17. Oct 2, 2012 #16

    Many implications...you can envision some from the above article.

    As most entropy in our universe is hidden within black holes, your hypothesis would seem
    to imply twice the proportion of black holes in our universe....in addtion it would seem our sun might be twice as hot and we would not even be here.
  18. Oct 2, 2012 #17
    Yes, but twice as hot in a universe that uses energy twice as fast, so what's the difference? If time was sped up twice as much, you would expect twice the number of black holes. If the sun burnt at twice the rate, it would live half as long, just as you’d expect if time were to speed up twice as fast. So what is one difference between the rate of entropy speeding up and time speeding up? Nothing it appears. The spin of the earth had to come from some energy input to push it at some time in the past, so if the rate of entropy had been twice as much during the Big Bang, it and everything would be moving twice as fast. Yes? The point is, is that entropy only goes in one direction (universally speaking) and so does time. Is that just coincidence? Thus, it appears that time is emergent from entropy.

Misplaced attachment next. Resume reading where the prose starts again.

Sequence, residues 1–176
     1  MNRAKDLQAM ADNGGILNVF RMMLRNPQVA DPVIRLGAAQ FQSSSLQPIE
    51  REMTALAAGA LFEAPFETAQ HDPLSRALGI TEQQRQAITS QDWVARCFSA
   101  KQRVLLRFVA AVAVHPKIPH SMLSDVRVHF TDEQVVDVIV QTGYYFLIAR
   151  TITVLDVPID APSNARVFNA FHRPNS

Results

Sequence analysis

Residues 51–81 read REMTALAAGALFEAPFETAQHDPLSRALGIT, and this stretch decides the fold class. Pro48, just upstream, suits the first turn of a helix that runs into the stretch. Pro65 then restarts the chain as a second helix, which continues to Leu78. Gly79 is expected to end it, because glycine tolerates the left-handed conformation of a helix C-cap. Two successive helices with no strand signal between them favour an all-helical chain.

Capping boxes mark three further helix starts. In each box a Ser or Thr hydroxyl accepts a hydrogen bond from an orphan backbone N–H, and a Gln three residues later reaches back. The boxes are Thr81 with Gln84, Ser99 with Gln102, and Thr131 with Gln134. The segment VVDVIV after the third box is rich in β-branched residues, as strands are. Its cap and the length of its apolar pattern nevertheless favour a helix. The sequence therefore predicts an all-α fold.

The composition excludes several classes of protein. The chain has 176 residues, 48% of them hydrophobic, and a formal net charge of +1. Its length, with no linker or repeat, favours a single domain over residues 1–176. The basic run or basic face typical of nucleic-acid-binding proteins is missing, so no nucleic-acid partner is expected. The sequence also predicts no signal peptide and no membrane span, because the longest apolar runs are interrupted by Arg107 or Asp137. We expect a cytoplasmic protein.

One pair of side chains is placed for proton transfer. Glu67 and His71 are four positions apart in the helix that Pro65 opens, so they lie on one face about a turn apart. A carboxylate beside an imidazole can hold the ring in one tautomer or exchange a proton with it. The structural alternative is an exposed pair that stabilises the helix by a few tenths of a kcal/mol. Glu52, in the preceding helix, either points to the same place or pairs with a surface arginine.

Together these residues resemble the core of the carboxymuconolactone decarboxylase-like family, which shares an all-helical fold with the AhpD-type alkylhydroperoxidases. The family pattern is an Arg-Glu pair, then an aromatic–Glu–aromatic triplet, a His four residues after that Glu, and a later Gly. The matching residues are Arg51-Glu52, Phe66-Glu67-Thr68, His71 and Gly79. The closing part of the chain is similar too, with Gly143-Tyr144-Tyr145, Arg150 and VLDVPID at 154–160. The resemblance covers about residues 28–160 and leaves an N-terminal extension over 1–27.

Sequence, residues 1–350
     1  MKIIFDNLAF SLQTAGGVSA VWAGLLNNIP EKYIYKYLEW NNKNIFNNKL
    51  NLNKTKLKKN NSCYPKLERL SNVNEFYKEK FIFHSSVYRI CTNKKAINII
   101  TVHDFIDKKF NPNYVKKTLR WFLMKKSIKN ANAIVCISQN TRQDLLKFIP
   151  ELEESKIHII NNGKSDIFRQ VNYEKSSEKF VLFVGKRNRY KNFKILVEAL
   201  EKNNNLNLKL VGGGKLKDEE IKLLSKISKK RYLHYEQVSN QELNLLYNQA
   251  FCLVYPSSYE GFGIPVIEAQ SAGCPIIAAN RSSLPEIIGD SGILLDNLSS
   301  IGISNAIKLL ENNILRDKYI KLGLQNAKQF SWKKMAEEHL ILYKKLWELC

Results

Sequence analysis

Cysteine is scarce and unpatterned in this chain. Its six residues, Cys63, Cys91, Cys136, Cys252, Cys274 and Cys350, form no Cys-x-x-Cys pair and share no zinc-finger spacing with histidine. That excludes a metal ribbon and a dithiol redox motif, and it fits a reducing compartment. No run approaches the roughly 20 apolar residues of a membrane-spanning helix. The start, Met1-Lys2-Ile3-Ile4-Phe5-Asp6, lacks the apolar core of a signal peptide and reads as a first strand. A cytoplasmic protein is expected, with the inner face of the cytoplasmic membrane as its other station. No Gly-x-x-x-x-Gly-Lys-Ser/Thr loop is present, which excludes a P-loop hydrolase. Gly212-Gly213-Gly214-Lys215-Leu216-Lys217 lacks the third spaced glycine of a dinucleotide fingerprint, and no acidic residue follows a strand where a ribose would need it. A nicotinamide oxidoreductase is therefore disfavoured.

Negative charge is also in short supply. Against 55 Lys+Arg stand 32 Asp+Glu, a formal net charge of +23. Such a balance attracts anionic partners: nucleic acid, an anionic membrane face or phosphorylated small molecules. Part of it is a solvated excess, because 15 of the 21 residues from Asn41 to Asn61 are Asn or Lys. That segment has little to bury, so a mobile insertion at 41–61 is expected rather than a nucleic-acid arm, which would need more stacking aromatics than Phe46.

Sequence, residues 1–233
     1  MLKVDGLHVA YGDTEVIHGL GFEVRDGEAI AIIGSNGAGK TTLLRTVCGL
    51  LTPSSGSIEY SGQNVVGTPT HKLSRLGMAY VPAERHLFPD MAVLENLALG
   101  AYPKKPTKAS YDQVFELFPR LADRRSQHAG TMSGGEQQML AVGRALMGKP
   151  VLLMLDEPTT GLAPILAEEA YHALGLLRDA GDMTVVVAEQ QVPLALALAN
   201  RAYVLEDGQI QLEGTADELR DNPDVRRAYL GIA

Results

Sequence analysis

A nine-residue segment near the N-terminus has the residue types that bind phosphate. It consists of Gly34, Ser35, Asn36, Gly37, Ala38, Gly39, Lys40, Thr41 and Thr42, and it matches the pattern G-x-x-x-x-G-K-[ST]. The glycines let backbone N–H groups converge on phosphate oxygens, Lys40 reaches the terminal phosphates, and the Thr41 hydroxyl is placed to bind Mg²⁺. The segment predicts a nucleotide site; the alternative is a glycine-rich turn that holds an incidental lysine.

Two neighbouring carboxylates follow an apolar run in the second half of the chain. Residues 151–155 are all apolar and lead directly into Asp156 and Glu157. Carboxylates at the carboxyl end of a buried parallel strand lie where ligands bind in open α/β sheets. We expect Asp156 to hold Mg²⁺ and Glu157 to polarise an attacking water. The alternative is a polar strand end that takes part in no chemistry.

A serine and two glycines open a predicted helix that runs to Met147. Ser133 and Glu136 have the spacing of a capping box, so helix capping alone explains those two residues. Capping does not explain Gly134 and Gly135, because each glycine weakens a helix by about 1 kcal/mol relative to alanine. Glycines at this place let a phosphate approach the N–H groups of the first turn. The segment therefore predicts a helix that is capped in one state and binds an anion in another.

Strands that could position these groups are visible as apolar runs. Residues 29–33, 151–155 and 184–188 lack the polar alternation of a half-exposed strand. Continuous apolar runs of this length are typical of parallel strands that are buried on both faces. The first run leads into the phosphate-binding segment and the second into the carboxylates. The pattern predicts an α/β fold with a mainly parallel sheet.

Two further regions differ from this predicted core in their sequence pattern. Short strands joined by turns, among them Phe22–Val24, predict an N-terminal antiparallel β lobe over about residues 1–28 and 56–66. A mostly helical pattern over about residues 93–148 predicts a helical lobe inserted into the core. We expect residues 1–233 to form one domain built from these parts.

19. Oct 2, 2012 #18

    What does that mean?

    Time doesn't have a direction anymore than length does.

    Unless you retort that length "goes forward" too. :tongue2:

    That is saying spacetime is isotropic. There is no flow to it.

    This is the "stage" that entropy plays out on.

    Consider what it is you mean with the term time, specifically the assumption that time is what "flows.
    Last edited: Oct 2, 2012
  20. Oct 3, 2012 #19
    Can you remember tomorrow or change yesterday? Obviously time has direction.

    "This is the "stage" that entropy plays out on." You can't just claim things; you must support your claim with some clear reasoning. How can you know that?

    If anything is not isotropic it would be entropy, not time. And, that fact may be the only thing that would distinguish entropy from time.
  21. Oct 3, 2012 #20


    User Avatar
    Science Advisor

    I can burn a log on a fire.
    I can let a log rot.

    I can look at my watch and see that one process takes longer than the other.

    It seems clear that the rate of increase of entropy is not constant with respect to what we call time.
Know someone interested in this topic? Share this thread via Reddit, Google+, Twitter, or Facebook